It is a document issued by the transport or shipping company when it accepts the carriage of the goods of a particular importer to a specific destination for a transportation fee indicated therein.
It includes the details of the shipment and the limits of responsibilities of the carrier, supplier and importer. The bill of lading is one of the most essential documents in international trade.
There are 4 types of bill of lading:
1- A bill of lading with the word “shipped board B/L” on it.
2- A bill of lading showing that the goods have been received for shipment (Received For Shipment B/L).
3- Direct B/L bill of lading for shipping from one port to another port directly.
4- A trans-shipment policy (Through B/L) for goods reshipped at a port covering this entire stage.
13. Commodity Code Code (HS)
The commodity coding system “Harmonized System” is a system used to classify goods through an international code used by all countries of the world for the same product.
For example: potatoes have a certain code because potato names are different between countries and when importing you should be aware of the name of the product you are supplying or importing.
14. US Commodity Code Code (HTS) (if sold in Amazon USA)
It is a system used to classify goods by a 10-digit code specific to the United States. It is also called HTS numbers by the U.S. International Trade Commission (ITC).
It is very important that all U.S. importers know and use the correct HTSUS codes, because commodity duties are assessed based on this classification.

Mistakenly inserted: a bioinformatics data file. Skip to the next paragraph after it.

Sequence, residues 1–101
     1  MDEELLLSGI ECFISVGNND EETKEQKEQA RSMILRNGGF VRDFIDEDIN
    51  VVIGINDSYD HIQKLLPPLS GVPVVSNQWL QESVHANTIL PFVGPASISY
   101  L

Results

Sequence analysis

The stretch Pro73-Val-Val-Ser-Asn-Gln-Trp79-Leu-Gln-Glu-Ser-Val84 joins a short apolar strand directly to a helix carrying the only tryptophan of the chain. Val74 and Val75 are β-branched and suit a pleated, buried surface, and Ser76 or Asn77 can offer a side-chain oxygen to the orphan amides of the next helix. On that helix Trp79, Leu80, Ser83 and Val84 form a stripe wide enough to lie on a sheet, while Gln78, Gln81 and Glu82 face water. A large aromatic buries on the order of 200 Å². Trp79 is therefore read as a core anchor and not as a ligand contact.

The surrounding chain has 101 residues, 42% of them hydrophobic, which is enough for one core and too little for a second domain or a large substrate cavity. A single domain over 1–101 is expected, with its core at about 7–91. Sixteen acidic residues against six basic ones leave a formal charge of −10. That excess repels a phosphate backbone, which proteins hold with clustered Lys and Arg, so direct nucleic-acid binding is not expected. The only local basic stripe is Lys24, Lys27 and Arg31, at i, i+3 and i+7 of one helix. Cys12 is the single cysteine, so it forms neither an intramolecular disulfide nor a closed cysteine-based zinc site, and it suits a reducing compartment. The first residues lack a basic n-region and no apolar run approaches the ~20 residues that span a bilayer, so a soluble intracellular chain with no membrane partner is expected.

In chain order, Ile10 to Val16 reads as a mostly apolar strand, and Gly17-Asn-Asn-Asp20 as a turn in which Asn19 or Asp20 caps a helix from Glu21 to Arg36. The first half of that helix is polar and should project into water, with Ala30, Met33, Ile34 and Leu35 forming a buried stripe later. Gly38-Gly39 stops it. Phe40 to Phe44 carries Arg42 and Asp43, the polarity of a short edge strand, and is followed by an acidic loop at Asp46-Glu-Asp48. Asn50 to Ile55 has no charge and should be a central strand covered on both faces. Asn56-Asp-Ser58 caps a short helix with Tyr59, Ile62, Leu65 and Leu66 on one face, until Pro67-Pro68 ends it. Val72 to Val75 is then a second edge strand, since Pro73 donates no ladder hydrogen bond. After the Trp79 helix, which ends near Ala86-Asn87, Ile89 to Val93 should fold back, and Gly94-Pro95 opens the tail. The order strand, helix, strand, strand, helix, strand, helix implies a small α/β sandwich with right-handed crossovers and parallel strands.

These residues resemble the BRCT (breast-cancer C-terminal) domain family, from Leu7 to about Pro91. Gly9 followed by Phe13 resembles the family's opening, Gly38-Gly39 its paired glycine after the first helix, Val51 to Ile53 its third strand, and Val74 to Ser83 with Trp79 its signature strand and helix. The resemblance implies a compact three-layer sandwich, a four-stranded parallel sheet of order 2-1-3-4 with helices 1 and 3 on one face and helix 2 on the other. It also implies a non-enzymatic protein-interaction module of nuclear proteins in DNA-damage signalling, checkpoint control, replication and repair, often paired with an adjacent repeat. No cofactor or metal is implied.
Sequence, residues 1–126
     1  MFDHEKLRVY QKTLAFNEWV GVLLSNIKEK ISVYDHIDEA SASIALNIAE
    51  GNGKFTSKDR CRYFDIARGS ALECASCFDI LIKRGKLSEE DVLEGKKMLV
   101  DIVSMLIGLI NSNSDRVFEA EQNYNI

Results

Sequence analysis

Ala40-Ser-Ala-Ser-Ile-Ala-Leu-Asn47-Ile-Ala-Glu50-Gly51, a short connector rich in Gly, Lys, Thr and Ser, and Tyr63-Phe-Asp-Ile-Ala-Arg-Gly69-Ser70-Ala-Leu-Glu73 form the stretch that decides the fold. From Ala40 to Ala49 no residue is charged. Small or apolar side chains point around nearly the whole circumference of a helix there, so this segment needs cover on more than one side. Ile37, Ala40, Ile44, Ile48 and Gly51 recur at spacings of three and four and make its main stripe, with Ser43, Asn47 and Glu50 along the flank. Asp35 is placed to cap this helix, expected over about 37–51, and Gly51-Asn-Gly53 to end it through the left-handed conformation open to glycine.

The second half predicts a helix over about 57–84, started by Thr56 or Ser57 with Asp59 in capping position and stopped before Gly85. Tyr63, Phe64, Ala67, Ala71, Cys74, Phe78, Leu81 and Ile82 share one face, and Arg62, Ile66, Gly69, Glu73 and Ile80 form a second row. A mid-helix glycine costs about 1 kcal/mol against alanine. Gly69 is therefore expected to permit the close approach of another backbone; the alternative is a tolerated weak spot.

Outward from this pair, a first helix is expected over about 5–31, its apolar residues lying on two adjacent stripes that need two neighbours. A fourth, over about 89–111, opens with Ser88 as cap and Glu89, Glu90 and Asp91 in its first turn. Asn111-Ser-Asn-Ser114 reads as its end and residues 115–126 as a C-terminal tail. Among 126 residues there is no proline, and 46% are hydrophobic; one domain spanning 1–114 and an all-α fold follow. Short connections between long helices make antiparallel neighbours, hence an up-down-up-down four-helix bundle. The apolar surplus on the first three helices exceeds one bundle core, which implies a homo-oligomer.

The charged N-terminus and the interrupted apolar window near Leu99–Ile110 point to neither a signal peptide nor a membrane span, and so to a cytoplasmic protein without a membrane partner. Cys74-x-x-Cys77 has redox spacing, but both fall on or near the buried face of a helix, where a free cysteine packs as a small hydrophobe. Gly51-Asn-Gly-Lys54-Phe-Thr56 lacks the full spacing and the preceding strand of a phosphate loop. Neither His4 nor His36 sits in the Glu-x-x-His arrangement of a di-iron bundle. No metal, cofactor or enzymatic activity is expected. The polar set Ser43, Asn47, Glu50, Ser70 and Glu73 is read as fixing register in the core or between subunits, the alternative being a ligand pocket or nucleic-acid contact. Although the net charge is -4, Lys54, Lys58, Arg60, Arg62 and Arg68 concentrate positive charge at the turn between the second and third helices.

The HTS code takes the same shape as the HS symbol for the first six digits and then contains four different last digits.
15. Peer-to-Peer or P2P parcel delivery service
Peer-to-peer (P2P) parcel delivery is an interesting emerging trend. It is the act in which the traveler carries an expulsion from the sender to the recipient during a trip that he or she has already intended to undertake and receives a fee to contribute to his travel costs.
The person delivering the package can be a professional shipping company, or someone who sets off from one place to another. Peer-to-peer shipping networks can be used to ship almost anything, from large to small cargo.
The cost of shipping goods using peer-to-peer shipping depends on how much you need to ship, how much you need them immediately, and whether you need help packing or loading your items onto the truck.
Finally, you have learned about the 15 most important terms in the shipping industry, and if you look closely at each of them, you will be able to take control of the import process better than before, and you will be better able to conduct business deals with different suppliers around the world.